was supposed to have been born again, and commenced another avatar, notwithstanding the Ligurian interpretation given by Pliny; for probably he knew nothing about it, and was easily satisfied with any explanation which tended to magnify "the king of rivers." This very title, however, must have been derived from some other cause than its magnitude: for what is the Po compared with the Rhine, or the Rhone, or the Danube, all rivers well known to the Romans? much less was its importance sufficient to exalt it to the heavenly sphere; and whatever might be the partiality of Italians for their largest river, if the figure of Eridanus had been drawn by the astronomers of Greece from the river Po, they would have hardly assigned to it a situation south of the equator, and reaching almost to the antarctic circle, where it never could be seen by the inhabitants either of Italy or Greece. The astronomical poet Aratus calls that constellation "the remnant of Eridanus, the stream of many tears." If Eridanus be nothing more than the river Po, these words have no meaning: but if it be a vestige of the deluge, a memorial of that woful catastrophe, the description is significant and forcible. Ovid makes Phaeton, when the course of nature was disturbed by his driving the chariot of the sun, fall into the river Po: he refers to some vague tradition of a day of entire darkness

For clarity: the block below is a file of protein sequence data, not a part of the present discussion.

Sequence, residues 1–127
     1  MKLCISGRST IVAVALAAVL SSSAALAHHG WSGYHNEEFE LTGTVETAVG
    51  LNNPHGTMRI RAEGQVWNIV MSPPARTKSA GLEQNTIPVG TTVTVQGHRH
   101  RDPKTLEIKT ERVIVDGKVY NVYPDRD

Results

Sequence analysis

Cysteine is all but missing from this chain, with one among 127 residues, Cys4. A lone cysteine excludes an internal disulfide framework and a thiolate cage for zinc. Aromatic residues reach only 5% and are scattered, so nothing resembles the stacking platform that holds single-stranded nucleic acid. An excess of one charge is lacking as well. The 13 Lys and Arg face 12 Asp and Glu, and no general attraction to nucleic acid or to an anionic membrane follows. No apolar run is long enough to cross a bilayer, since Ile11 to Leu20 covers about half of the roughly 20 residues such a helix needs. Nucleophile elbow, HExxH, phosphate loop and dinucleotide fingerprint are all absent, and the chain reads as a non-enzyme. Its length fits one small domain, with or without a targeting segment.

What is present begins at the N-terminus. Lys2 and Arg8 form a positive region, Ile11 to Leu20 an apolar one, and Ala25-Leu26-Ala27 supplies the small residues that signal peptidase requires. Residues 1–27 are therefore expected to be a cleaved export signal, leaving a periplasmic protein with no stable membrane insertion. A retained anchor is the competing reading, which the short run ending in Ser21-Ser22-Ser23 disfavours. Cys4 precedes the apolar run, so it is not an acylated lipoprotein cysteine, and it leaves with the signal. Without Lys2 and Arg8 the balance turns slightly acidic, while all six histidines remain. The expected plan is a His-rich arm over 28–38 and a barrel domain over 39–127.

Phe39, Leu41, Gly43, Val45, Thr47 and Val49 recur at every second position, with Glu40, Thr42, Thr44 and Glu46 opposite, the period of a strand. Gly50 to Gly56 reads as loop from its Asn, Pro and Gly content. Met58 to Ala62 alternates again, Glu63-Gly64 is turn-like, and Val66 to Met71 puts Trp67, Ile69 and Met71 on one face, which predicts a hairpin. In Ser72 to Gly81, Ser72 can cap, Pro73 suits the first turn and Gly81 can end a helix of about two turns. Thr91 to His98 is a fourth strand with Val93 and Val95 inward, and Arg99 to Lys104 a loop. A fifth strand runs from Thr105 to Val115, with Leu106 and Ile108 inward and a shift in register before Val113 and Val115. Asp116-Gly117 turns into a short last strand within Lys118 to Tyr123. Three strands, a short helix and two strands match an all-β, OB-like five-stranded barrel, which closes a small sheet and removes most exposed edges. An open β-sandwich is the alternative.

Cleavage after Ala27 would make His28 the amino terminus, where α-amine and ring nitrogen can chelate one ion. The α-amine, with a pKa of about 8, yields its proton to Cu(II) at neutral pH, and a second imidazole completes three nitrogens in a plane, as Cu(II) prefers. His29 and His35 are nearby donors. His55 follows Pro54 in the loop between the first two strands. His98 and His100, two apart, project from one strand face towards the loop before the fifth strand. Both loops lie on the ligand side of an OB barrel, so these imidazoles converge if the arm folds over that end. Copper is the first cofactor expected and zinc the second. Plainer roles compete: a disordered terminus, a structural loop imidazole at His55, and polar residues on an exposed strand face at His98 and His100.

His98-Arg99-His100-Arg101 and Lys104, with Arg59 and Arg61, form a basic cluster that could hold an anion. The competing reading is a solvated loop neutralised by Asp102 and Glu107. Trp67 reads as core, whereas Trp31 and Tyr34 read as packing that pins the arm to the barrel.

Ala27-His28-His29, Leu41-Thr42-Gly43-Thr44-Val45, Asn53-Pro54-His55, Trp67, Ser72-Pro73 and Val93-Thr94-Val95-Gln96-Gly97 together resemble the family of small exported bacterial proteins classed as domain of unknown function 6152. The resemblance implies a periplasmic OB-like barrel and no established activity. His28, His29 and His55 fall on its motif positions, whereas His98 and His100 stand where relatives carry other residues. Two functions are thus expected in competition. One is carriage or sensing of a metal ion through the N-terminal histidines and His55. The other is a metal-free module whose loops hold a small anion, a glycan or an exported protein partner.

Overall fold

1 Λείψανον Ἠριδανοῖο πολυκλαύστου ποταμοῖο. Arat. Phænom. p. 47. Ox. 1672.